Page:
Saturday, June 4, 2016

Jupiter Through the Eyes of Juno

 
In August of 2011 a NASA rocket launch occurred. The rocket carried the Juno spacecraft on top of it and hurtled it out into space. Ever since then, Juno has been traveling toward Jupiter. In July of this year (July 4th to be precise), Juno will arrive and settle into an orbit around the largest planet in our solar system where it will begin analyzing Jupiter and sending information back to NASA scientists on earth. It is expected that the spacecraft will orbit Jupiter for approximately 20 months and then be purposefully burned up in the upper atmosphere of the planet. NASA scientists expect the craft to render information about the amount of water in the atmosphere, measure cloud motions, map Jupiter's magnetic and gravity fields, and explore the northern and southern lights of the planet.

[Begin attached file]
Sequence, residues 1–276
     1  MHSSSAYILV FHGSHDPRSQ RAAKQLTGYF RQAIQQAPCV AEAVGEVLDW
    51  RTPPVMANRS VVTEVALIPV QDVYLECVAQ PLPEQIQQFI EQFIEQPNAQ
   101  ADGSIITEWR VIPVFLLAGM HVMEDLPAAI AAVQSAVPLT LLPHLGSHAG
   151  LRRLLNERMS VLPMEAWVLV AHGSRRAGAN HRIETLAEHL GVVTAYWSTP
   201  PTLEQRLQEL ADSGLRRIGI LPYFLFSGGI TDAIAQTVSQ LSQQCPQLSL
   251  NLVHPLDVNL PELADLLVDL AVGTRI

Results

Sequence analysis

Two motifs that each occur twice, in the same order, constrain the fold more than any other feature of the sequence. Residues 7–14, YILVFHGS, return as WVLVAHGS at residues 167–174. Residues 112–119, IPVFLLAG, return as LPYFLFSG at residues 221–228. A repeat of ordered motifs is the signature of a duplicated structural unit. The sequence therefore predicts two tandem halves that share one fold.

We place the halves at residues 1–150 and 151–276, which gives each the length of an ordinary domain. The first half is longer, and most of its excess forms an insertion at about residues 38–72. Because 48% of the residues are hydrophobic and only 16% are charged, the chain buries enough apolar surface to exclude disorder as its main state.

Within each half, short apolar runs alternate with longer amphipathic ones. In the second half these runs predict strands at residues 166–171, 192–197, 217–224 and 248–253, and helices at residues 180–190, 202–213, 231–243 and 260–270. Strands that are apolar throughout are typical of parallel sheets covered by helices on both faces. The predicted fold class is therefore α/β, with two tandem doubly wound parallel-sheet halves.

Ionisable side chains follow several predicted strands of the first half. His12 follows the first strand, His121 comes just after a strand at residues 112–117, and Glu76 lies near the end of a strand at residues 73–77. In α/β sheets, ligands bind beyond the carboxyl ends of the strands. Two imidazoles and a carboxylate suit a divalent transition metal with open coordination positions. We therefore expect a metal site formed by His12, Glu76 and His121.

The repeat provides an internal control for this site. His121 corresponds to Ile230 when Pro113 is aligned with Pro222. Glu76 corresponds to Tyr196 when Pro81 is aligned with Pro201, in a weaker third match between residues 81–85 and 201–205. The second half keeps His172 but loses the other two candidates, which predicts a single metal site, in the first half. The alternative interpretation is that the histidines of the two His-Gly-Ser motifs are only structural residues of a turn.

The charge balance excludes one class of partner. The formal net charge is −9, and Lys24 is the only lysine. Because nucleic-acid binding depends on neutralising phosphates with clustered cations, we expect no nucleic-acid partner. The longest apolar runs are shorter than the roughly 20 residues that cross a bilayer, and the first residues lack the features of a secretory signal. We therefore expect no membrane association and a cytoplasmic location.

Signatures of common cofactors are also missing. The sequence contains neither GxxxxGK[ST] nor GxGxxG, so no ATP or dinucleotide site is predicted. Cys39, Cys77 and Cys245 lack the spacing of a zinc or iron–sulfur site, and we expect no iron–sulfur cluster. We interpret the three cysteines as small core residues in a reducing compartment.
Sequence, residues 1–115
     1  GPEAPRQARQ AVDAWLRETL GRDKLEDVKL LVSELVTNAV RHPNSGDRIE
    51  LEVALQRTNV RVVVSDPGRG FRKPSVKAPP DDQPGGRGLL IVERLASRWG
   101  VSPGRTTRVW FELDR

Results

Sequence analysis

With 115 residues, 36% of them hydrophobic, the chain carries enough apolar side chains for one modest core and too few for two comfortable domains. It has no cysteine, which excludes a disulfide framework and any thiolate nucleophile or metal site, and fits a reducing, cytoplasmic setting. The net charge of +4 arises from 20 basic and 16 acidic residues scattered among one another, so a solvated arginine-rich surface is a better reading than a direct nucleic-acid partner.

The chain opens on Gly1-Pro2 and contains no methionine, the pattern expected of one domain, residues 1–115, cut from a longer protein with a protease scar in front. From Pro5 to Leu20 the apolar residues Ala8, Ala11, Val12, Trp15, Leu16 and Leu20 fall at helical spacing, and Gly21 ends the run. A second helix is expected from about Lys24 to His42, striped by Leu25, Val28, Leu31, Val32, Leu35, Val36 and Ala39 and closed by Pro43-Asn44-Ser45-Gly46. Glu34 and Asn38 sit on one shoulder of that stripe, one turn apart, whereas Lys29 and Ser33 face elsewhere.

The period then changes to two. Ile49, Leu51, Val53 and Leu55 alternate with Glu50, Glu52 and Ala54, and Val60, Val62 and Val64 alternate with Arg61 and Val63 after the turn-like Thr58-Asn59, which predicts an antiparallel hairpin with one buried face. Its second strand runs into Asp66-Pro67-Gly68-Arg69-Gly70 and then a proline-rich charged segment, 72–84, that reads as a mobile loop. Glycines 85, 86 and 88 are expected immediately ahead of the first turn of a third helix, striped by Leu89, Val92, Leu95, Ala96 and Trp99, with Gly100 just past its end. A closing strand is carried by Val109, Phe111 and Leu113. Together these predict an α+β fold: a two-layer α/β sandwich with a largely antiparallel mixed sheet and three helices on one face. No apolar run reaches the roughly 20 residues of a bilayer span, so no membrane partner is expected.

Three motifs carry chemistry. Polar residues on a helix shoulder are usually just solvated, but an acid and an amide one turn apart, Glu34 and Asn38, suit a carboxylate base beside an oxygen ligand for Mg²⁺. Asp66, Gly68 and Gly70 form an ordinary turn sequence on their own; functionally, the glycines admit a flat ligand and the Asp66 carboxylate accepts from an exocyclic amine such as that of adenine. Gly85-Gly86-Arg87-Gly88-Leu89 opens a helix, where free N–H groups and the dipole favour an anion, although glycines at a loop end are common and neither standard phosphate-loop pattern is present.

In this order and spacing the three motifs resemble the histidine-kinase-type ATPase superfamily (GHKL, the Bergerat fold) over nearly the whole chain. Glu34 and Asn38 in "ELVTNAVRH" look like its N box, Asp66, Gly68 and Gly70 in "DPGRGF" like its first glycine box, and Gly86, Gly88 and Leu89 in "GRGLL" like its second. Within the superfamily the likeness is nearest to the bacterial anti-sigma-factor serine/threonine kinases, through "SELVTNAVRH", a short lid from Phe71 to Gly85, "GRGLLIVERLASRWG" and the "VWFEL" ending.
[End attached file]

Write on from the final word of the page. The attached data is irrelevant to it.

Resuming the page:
Once again, NASA is on the verge of amazing discoveries. We truly are in the golden days of planetary exploration. In 100 years people will look back on this time and see that it was very significant to our understanding of our place in the solar system. Humans have a healthy curiosity about our world and our universe. This is as it should be. When we look down at a blade of grass or look up into a starry sky, it is natural to wonder about how these things are made and the material out of which they are made. It is natural to ask questions about what is out there beyond what we can see with our naked eyes. Let’s celebrate this latest NASA achievement.

Timeline of the Juno Mission
  • Launch - August 5, 2011
  • Earth flyby gravity assist - October 2013
  • Jupiter arrival - July 2016
  • Spacecraft will orbit Jupiter for 20 months (37 orbits)
  • End of mission (de-orbit into Jupiter) - February 2018

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